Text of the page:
OMIA 000791-9615 : Persistent Mullerian duct syndrome in Canis lupus familiaris
Edited by Vicki N. Meyers-Wallen, VMD, PhD, Dipl. ACTInheritance: The mode of inheritance is sex-limited autosomal recessive, and both affected and carrier dogs are karyotypically normal [Wu et al., 2009].
Affected males are homozygous and will pass the mutation to all of their offspring.
Carrier (heterozygous) males will pass the mutation to half their offspring, on average.
Females are not affected, but can be either homozygous or heterozygous for the mutation.
Homozygous carrier females will pass the mutation to all of their offspring and heterozygous carrier females will pass the mutation to half their offspring, on average.Molecular basis: The causative mutation of PMDS in the miniature schnauzer is a C to T transition in exon 3 of the Müllerian inhibiting substance type II receptor gene (AMHR2, Wu et al., 2009). Clinical features: Homozygous affected males have normal male external genitalia, except that approximately 50% are unilaterally or bilaterally cryptorchid.
PMDS males having at least one descended testicle can be fertile. Carrier males and carrier females are reproductively normal.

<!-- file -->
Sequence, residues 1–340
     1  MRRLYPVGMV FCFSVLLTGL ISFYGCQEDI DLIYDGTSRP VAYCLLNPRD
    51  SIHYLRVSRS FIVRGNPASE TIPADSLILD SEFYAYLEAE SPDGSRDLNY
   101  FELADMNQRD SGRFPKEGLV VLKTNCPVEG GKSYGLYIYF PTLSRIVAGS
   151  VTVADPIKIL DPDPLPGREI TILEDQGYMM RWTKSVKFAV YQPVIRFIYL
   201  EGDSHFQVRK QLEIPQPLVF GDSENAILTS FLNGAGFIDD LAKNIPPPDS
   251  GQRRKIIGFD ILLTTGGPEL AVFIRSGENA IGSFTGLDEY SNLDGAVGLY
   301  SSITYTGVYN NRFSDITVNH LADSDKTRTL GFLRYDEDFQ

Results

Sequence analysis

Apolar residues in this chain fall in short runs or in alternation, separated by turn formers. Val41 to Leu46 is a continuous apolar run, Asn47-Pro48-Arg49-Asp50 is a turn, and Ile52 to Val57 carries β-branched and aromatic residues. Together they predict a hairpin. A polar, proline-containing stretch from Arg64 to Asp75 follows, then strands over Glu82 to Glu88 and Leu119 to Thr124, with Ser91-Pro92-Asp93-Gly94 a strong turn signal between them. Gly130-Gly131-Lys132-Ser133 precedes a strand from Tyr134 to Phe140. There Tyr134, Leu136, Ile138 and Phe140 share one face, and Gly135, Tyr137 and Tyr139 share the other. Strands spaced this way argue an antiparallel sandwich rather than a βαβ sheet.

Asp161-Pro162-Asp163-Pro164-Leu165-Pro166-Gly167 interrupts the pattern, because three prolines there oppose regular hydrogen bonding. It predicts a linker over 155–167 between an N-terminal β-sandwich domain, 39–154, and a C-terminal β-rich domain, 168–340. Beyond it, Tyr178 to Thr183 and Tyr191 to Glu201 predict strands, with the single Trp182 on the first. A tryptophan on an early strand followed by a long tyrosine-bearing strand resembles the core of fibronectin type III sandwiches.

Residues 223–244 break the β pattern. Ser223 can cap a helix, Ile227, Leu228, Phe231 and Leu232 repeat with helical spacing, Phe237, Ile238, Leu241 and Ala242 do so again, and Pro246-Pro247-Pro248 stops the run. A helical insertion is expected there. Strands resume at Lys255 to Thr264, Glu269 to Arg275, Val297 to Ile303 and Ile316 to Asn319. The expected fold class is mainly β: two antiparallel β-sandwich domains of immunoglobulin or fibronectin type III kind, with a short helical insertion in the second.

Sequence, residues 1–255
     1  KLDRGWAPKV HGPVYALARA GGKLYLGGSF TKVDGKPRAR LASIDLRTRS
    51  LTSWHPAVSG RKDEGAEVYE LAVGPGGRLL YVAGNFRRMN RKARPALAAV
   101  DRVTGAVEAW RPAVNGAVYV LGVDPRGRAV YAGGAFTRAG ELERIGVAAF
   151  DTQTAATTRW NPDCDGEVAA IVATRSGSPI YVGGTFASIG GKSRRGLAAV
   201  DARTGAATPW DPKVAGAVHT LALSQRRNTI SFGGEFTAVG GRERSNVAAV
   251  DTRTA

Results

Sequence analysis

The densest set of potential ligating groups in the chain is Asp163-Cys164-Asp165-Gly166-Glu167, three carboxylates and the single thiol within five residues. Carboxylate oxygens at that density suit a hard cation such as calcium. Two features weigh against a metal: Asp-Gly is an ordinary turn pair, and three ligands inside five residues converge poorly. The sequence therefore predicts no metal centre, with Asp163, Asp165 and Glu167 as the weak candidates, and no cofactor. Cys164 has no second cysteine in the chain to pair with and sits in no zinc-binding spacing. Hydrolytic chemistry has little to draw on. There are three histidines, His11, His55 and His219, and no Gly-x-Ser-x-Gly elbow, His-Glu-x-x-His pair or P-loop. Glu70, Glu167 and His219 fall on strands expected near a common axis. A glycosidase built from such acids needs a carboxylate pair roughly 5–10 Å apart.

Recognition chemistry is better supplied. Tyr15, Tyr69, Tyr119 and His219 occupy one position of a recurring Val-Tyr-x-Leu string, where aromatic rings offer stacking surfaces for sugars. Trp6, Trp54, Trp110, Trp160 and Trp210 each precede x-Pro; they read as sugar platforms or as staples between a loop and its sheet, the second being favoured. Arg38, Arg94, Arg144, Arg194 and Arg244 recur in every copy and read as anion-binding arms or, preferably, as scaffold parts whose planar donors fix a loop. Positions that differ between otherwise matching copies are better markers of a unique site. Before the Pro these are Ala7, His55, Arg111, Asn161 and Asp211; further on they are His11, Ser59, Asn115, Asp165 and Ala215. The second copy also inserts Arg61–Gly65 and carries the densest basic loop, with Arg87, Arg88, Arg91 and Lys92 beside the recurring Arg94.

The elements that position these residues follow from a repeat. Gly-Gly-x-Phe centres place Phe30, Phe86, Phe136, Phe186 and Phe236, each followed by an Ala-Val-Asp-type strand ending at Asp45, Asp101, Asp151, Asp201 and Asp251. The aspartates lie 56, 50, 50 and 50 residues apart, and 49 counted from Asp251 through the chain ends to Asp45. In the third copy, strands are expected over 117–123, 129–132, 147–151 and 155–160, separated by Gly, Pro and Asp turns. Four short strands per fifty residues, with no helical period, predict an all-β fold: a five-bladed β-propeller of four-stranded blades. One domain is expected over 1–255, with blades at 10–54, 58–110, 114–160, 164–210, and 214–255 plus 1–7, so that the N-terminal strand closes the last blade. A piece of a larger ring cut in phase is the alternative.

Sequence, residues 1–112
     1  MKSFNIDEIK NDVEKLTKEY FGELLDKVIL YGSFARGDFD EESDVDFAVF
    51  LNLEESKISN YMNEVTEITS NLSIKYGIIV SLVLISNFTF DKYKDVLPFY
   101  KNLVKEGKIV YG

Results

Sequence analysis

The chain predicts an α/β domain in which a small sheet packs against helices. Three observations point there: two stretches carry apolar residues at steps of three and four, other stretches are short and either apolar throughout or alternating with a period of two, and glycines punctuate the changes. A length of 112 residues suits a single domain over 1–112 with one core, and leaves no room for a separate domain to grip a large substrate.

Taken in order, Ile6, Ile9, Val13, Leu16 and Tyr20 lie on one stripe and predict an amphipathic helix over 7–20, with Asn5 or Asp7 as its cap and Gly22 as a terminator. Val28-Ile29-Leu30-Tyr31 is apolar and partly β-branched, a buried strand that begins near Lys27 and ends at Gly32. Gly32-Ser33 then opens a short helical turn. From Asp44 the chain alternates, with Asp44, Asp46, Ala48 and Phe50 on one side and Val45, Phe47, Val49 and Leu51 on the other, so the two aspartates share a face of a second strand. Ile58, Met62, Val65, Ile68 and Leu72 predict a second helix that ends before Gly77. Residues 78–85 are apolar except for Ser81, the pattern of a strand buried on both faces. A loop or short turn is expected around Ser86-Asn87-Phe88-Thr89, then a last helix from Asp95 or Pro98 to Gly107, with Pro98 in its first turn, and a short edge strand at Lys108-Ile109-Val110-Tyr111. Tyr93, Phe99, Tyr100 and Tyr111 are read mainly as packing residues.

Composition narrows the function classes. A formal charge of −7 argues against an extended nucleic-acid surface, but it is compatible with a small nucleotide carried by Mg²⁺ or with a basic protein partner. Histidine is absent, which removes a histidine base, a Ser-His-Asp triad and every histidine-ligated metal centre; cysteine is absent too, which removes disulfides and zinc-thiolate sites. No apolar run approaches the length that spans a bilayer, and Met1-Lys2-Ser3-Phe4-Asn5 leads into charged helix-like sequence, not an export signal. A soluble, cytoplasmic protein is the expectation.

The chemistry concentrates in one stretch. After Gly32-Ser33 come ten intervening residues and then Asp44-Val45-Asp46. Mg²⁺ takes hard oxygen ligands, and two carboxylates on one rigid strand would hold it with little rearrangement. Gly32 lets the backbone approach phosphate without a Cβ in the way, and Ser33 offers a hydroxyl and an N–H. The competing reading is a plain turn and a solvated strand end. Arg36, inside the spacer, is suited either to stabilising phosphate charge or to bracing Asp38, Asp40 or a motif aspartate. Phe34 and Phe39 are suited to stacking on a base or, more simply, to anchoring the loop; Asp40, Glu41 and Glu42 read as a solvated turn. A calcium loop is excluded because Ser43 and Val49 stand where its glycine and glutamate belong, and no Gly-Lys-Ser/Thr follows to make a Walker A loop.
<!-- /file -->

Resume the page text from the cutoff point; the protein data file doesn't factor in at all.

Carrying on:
PMDS dogs may present at any age as a dog with normal male external genitalia or a cryptorchid dog. If cryptorchid, they may present as an adult with signs of testicular tumor. As pyometra can be a sequelae, affected dogs may present with typical signs,such as polydipsia, polyuria and inappetance.Pathology: During development of the male reproductive tract, Müllerian inhibiting substance (MIS), also known as Anti Mullerian hormone (AMh), causes regression of Mullerian duct precursors in males. MIS binding to its type II receptor (AMhR2) in the target organs is necessary to induce regression. If MIS signaling is faulty, the Müllerian ducts fail to regress in males, causing PMDS [Wu et al., 2009]. In addition to having male internal genitalia, PMDS males have bilateral oviducts, a complete uterus , a cervix, and the cranial part of the vagina, which ends in the dorsal prostate. There is a firm attachment between each cranial tip of the uterine horn and the caudal pole of the testis, which likely hinders testicular descent [Wu et al., 2009]. Some common complications are Sertoli cell tumors in cryptorchid PMDS dogs and pyometra. Pyometra may be facilitated by the narrow connection between the cranial vagina and the prostatic urethra, which allows pathogens to ascend to the uterus, but impedes purulent drainage [Wu et al., 2009]. On histologic section, cryptorchid testes from PMDS dogs lack germ cells, though scrotal testes appear normal. Prevalence: The prevalence is unknown, although the causative mutation seems to be widely distributed in the breed with cases in the USA, Europe and Japan [Meyers-Wallen, 2011]. Control: To prevent PMDS, affected dogs should not be bred and carriers should not be bred to carriers. To reduce the frequency of the mutation in the miniature schnauzer breed, carriers should be removed from the breeding population. Because affected and carrier miniature schnauzers can have normal male external genitalia, testing for the mutation prior to breeding is recommended. As carrier females have no signs and are reproductively normal, testing for the mutation prior to breeding is recommended.